Can Enterprise Software Become Plug-and-Play?

For many years, enterprise software wasn’t a plug-and-play sort of thing.

It required complex implementation, tricky configuration, and much training. What you got from the vendor wasn’t a ready-to-go product, but a generic platform that you had to customize. Instead of getting a ready solution out-of-the-box, you had to build it in first place.

Yes, having a generic platform adds a lot of flexibility and lets you adjust the system to your very specific needs. However, flexibility never comes for free. Too often, the result of a customization is a really powerful product that can do a lot, but is too difficult to use.

In many cases, I saw how this ended up with a system that users hated. For the top management, the system usually seemed to be a good investment. But for the end user, it looked like flying a huge aircraft. They didn’t understand how it worked, why doing simple things took so many clicks, and why there were so many features that they didn’t need.

The recent years show us a quite interesting trend. Plug-and-play solutions for enterprises are not nonsense any longer. Enterprise software can now provide a standard solution that solves typical needs of a typical user out-of-the-box and in addition, offer extension points when you need to adjust the system to your specific environment. For example, in DITAToo DITA CMS, we provide a plug-and-play solution that addresses the most typical needs of DITA users. Plus DITAToo provides various options to customize the system to your authoring and publishing requirements.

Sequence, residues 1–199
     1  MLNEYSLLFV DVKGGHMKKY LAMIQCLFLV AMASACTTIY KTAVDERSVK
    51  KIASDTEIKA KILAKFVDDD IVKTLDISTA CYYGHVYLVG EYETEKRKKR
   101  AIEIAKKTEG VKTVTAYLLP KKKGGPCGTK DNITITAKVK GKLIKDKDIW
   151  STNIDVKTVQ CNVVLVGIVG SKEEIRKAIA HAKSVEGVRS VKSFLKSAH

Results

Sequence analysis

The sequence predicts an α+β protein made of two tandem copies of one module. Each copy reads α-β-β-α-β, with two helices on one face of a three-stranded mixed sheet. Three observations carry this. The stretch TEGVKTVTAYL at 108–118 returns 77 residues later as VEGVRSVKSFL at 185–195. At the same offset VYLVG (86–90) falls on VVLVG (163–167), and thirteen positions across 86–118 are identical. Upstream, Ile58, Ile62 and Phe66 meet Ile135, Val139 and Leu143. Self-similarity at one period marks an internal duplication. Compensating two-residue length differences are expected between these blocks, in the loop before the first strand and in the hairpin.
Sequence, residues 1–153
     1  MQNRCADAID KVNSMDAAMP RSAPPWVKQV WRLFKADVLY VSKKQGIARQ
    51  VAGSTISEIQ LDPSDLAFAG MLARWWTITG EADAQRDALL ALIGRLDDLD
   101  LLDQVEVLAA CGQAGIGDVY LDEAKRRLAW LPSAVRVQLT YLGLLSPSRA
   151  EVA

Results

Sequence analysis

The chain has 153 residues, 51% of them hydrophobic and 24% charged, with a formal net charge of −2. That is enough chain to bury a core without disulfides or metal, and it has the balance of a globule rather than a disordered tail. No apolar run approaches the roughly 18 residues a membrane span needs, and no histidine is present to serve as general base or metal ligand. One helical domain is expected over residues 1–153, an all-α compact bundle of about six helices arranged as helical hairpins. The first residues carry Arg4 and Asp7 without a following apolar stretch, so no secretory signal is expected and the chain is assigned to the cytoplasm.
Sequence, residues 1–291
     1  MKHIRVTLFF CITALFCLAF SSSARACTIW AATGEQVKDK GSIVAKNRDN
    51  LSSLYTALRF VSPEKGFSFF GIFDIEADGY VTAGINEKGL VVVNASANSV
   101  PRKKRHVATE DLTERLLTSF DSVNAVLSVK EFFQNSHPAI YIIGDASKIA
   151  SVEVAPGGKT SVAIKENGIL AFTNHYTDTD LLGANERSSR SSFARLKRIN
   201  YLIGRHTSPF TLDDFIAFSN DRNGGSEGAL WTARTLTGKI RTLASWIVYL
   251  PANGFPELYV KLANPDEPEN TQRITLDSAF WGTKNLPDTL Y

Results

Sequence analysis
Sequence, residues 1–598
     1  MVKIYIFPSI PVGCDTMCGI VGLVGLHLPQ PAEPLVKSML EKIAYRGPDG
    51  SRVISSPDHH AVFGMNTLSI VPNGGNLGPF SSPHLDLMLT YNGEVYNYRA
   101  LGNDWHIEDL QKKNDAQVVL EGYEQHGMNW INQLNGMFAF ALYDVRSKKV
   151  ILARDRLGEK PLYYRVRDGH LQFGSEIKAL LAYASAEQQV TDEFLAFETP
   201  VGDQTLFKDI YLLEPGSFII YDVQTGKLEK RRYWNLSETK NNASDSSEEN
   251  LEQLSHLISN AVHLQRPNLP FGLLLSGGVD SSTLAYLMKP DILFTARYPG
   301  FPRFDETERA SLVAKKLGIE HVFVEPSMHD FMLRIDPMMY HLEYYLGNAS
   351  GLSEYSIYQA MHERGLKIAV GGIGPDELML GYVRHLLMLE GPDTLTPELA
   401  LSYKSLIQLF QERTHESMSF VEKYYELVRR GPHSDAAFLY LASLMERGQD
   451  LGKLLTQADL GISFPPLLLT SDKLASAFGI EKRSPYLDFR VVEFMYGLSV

When enterprise software focuses on typical needs of typical users, the scale of implementation can be smaller and cover just a particular team or department within the organization. Potentially, this might mean that different teams can end up using different solutions from different vendors. This may become a nightmare of the IT department, so the question that should be addressed by the vendors is support for internationally recognized standards (by the way, this is where DITA as an open content standard can come into the picture) and ability to integrate with each other (through API or other means).

If these observations are correct, then we can see democratization of the enterprise market software. Companies without big budgets will be able to afford software that solves their needs. Just several years ago a content management system was a synonym for “huge budget”. Now even small and medium sized businesses can afford content management solutions.

Anyway, 2013 promises to be an interesting year, and we are wishing you a happy, healthy, and successful New Year!

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